Mission Aviation Fellowship’s new graphic identity takes flight around the globe
Early this morning, Mission Aviation Fellowship offices around the world started releasing images of their new logo. This is an exciting day for us as it marks the end of an extensive design process and the start of a fresh new brand identity for an outstanding organization “at the forefront of a global effort to overcome barriers of poverty, ignorance, and disease.”
The MAF story
MAF was founded in the mid-1940s by three World War II pilots who had the vision to use planes for humanitarian ends. Specifically, they sought to use light aircraft to reach the world’s most isolated people and inhospitable locations with essential aid and spiritual sustenance. Today MAF operates 142 aircraft, flying in and out of some 2,500 landing strips in over 30 countries to reach tens of thousands of people for whom flying is not a luxury but a lifeline.
MAF’s story is one of trailblazing heroes, and includes the work of Nate Saint and his four missionary friends who were murdered while trying to reach out to the Huaorani tribe in Ecuador in 1956. Long before the movie “End of the Spear” was released, I remember being spellbound as a child by the stories told by missionaries and MAF pilots at school presentations.
Every three minutes, an MAF aircraft takes off or lands, reaching isolated places where flying is not a luxury, but a lifeline.
One mission, one logo
From the beginning, the organizations known around the world as MAF have shared a common name and mission. However, they did not share a common logo which created identity confusion, complicated the sharing of resources, and effectively diluted the impact of the MAF brand. With our help, the MAF Global Family decided to work together to develop a single logo symbolic of their unity and common purpose.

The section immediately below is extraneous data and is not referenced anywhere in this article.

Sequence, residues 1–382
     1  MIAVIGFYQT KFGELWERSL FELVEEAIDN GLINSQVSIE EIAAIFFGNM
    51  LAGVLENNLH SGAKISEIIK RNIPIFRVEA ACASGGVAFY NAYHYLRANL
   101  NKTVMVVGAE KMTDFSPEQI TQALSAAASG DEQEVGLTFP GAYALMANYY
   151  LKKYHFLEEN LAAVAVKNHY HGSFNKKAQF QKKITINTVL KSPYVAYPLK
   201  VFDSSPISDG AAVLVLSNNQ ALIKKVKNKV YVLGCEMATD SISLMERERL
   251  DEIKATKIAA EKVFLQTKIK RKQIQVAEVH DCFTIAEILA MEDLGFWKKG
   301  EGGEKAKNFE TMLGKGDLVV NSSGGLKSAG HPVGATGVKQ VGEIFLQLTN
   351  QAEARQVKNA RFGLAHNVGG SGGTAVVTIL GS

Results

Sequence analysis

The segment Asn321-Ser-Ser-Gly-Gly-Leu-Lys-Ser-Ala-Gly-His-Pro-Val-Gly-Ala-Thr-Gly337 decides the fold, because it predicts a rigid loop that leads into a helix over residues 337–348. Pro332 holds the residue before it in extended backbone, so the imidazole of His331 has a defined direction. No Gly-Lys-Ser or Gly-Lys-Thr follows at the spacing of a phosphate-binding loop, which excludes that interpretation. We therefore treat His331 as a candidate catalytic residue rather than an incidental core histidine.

The new logo design centres around the themes of Aviation, Technology and the Spirit of Christian Love. Its overall look positions MAF as a leading professional organization that is poised for the future.
The cleverly integrated icon of the dove is a traditional Christian symbol and has been a key element in the graphic identity of a number of MAF groups over the years. An appropriate symbol to represent an organization focused on aviation, the new dove pays homage to the organization’s rich history, and yet has evolved to better reflect what MAF has become and where it is going.
Other design features of MAF’s new logo:
- Highly visible uppercase letters ensure legibility from a distance.
- Solid line weights reflect confidence, steadfastness and professionalism.
- The swoosh conveys activity and forward motion.
- The bold shapes and bold colours are arresting.
- Red reflects passion; blue evokes professionalism, safety and trustworthiness; gray tells of practical and technical expertise.
The result is a striking, appealing graphic that is iconic, unique and memorable. It embodies a professional, credible, active, diverse and highly capable organization.
Should not all MAF groups have access to newer printing technology, a potential concern in many regions, the logo can easily be reproduced by rudimentary processes such as stencil and spray paint.
The logo will be put to work in many different environments and many different mediums to help raise awareness and promote the organization. The new design is versatile and functional across multiple publishing platforms.
Of course the most important place the logo will appear is on the tail of the MAF Aircraft. Seeing the arrival of an MAF plane is a very significant event for thousands of people every year, because seeing a doctor, getting a Bible or having adequate food and clean water, may only happen when an MAF plane arrives.
The MAF logo was one of the most challenging design projects we’ve ever had the privilege to be a part of. We congratulate the MAF Global Family on this milestone, on achieving greater cooperation and collaboration internationally and on the ongoing work that they do. It is a symbol to be proud of. Personally, I take great satisfaction in our team’s contribution to the visual history of an organization that captured my imagination as a young boy and which has been dear to my heart ever since.
Written by Jason Bouwman, RGD
August 15, 2012